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Alex Borg

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Mar 6, 2024

5 minute read

Fleet Management Blog

Telematics Capabilities vs. Fleet Maintenance Software

To the uninformed, fleet tracking software and fleet management software are interchangeable. But, in reality, FMSs are capable of far more than just monitoring vehicles.

Telematics Capabilities vs. Fleet Maintenance Software

At organizations where fleet operations are underappreciated by executives, fleet managers often have to contend with an “if it ain’t broke, don’t fix it” mentality to get the tools they need. When spreadsheets have been good enough for ages, it’s common for those at the top of the totem pole to require a lot of convincing to get behind fleet management software (FMS). This hurdle even occurs at organizations that have already invested in some forms of fleet technology.

Case in point, it’s typical for higher-ups unfamiliar with fleet operations to view fleet tracking solutions offered by telematics providers as everything their organization would ever need in terms of fleet software. But, as any fleet manager will tell you, fleet management involves a whole lot more than just keeping tabs on vehicles.

To help fleet managers more effectively advocate for the tools their operations demand, let’s explore what separates an FMS from most fleet tracking solutions developed by telematics providers.

The Reason for Telematics

At their core, fleet tracking solutions are designed to display information captured by an organization’s fleet telematics devices. By showing real-time and historic vehicle location data, fleet tracking software can help fleet managers curb unauthorized vehicle use and fuel waste. Spotlighting instances of potentially risky driving behavior (e.g. speeding, harsh braking, sudden acceleration, etc.) allows fleet managers to hold their drivers accountable when they violate safety protocols. And alerting fleet managers when engine diagnostics are amiss enables technicians to start preparing to receive a vehicle while it’s out in the field, accelerating turnaround time. All of these functions provide considerable value to fleets.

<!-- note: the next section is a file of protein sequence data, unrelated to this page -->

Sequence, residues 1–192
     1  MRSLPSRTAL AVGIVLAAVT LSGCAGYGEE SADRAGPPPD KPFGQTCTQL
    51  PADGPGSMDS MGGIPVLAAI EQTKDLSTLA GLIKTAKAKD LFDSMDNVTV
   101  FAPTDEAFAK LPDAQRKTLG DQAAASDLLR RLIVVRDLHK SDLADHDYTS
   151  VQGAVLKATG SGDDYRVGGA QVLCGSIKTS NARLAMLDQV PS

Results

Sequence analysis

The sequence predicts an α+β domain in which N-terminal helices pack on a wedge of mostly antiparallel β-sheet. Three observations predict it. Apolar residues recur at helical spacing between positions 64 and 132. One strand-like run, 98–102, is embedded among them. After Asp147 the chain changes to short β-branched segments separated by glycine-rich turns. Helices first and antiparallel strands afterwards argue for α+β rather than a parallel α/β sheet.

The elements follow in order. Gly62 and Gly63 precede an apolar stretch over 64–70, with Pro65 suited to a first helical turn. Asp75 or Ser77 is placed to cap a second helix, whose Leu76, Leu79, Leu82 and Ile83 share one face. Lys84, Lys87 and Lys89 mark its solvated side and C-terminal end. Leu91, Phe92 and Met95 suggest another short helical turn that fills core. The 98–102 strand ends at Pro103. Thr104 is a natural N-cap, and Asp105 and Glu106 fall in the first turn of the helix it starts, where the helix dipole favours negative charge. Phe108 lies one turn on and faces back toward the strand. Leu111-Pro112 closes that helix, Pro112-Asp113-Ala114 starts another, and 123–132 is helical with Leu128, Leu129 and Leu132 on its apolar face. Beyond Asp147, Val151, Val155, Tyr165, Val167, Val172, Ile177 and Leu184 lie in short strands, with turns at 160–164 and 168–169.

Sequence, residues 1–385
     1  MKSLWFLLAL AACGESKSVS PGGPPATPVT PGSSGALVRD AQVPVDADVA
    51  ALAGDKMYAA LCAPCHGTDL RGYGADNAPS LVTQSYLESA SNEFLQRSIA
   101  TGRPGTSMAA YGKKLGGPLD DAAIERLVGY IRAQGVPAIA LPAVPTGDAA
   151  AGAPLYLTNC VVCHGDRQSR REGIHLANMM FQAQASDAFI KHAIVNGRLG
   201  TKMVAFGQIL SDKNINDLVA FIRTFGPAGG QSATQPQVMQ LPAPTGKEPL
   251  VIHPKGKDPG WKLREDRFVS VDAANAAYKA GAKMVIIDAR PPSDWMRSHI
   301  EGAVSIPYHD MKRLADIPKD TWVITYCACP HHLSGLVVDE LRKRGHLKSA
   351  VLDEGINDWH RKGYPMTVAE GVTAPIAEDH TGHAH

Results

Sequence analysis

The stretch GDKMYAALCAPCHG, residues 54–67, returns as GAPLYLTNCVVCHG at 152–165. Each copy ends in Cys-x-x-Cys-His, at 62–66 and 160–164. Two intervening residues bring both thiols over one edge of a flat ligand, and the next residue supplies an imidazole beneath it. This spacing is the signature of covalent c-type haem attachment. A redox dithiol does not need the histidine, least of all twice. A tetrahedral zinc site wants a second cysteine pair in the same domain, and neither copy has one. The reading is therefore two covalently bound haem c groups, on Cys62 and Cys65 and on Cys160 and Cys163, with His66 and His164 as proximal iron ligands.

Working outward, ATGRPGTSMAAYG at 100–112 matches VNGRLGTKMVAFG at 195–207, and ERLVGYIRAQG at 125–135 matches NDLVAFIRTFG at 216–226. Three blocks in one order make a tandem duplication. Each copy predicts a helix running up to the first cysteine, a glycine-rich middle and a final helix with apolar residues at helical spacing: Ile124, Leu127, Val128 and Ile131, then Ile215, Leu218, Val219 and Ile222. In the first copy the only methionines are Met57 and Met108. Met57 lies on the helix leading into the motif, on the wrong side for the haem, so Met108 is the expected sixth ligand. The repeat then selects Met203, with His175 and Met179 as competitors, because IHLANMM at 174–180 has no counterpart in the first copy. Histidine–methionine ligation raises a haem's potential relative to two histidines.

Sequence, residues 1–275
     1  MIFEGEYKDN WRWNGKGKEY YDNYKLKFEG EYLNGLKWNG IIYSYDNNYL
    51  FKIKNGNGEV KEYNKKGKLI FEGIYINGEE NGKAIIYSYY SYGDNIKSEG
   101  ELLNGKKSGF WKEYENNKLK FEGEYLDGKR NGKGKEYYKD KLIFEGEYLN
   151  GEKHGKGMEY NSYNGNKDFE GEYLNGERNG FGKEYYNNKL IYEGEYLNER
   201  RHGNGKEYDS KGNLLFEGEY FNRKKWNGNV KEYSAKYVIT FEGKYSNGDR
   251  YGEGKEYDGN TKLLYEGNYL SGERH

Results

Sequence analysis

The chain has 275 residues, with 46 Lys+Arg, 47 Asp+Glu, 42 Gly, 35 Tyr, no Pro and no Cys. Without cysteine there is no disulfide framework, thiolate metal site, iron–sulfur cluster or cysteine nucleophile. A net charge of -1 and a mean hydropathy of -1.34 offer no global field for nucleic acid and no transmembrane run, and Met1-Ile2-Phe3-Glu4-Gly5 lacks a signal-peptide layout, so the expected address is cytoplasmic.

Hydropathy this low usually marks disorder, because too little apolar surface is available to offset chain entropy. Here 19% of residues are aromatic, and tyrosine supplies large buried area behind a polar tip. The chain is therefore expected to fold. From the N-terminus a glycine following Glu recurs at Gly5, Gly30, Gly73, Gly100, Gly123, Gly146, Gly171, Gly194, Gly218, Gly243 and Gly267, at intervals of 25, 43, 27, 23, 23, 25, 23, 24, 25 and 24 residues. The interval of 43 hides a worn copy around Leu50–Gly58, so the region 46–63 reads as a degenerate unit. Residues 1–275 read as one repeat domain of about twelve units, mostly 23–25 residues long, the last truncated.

The Reason for Fleet Maintenance Software

That being said, fleet management entails so much more than keeping a watchful eye over the health and utilization of your vehicles. Maintenance is a crucial aspect of operating a fleet, but fleet tracking solutions weren’t built to support preventive maintenance (PM) scheduling or management of digital work orders. Tracking expenses is a huge part of being a fleet manager, but good luck trying to generate a fleet costs report from software intended to display GPS pings on a map. These inabilities aren’t really shortcomings, but rather functions that exist beyond the scope of most fleet tracking solutions.

This difference in breadth is what distinguishes fleet management software from fleet tracking solutions. FMSs are comprehensive platforms that allow fleet managers to view, analyze and improve every aspect of their fleet operations. Instead of primarily being a means of displaying already captured information, FMSs are single sources of truth that fleet personnel input information into while performing their work.

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Up to now, we’ve mostly focused on how different fleet software solutions can bring value to fleet managers, but it’s important to note that FMSs benefit fleet personnel of all roles. By making it easy for drivers and technicians to relay information, FMSs facilitate levels of collaboration that are simply impossible to replicate with paper, spreadsheets and less sophisticated fleet software.